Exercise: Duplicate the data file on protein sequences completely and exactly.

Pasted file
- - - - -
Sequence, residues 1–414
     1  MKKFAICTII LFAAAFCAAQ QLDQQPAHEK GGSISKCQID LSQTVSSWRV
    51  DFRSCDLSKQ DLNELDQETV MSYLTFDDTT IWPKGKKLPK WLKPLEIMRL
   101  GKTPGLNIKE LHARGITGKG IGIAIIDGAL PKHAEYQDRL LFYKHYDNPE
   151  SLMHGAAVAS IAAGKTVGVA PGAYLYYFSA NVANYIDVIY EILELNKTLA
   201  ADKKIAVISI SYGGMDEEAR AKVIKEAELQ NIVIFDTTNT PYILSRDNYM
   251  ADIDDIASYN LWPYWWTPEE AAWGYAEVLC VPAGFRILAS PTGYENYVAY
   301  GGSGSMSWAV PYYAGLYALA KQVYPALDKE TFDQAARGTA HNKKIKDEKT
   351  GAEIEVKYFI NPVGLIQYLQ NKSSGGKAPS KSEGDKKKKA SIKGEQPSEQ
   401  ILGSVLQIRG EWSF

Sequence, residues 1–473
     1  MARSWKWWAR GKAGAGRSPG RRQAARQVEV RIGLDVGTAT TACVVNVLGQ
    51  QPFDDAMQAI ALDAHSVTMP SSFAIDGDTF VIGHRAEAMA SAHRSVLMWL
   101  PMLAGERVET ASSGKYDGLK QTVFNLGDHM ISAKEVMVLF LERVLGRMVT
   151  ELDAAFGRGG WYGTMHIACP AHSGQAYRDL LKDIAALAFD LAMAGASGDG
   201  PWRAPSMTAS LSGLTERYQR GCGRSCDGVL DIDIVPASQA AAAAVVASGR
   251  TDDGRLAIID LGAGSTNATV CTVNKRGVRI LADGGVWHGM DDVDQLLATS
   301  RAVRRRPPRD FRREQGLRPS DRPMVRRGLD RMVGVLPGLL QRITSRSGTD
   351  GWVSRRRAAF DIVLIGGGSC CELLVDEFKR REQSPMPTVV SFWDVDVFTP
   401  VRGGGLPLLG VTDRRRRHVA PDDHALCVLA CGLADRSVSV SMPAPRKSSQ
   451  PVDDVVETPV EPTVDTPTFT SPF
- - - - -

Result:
Sequence, residues 1–414
     1  MKKFAICTII LFAAAFCAAQ QLDQQPAHEK GGSISKCQID LSQTVSSWRV
    51  DFRSCDLSKQ DLNELDQETV MSYLTFDDTT IWPKGKKLPK WLKPLEIMRL
   101  GKTPGLNIKE LHARGITGKG IGIAIIDGAL PKHAEYQDRL LFYKHYDNPE
   151  SLMHGAAVAS IAAGKTVGVA PGAYLYYFSA NVANYIDVIY EILELNKTLA
   201  ADKKIAVISI SYGGMDEEAR AKVIKEAELQ NIVIFDTTNT PYILSRDNYM
   251  ADIDDIASYN LWPYWWTPEE AAWGYAEVLC VPAGFRILAS PTGYENYVAY
   301  GGSGSMSWAV PYYAGLYALA KQVYPALDKE TFDQAARGTA HNKKIKDEKT
   351  GAEIEVKYFI NPVGLIQYLQ NKSSGGKAPS KSEGDKKKKA SIKGEQPSEQ
   401  ILGSVLQIRG EWSF

Sequence, residues 1–473
     1  MARSWKWWAR GKAGAGRSPG RRQAARQVEV RIGLDVGTAT TACVVNVLGQ
    51  QPFDDAMQAI ALDAHSVTMP SSFAIDGDTF VIGHRAEAMA SAHRSVLMWL
   101  PMLAGERVET ASSGKYDGLK QTVFNLGDHM ISAKEVMVLF LERVLGRMVT
   151  ELDAAFGRGG WYGTMHIACP AHSGQAYRDL LKDIAALAFD LAMAGASGDG
   201  PWRAPSMTAS LSGLTERYQR GCGRSCDGVL DIDIVPASQA AAAAVVASGR
   251  TDDGRLAIID LGAGSTNATV CTVNKRGVRI LADGGVWHGM DDVDQLLATS
   301  RAVRRRPPRD FRREQGLRPS DRPMVRRGLD RMVGVLPGLL QRITSRSGTD
   351  GWVSRRRAAF DIVLIGGGSC CELLVDEFKR REQSPMPTVV SFWDVDVFTP
   401  VRGGGLPLLG VTDRRRRHVA PDDHALCVLA CGLADRSVSV SMPAPRKSSQ
   451  PVDDVVETPV EPTVDTPTFT SPF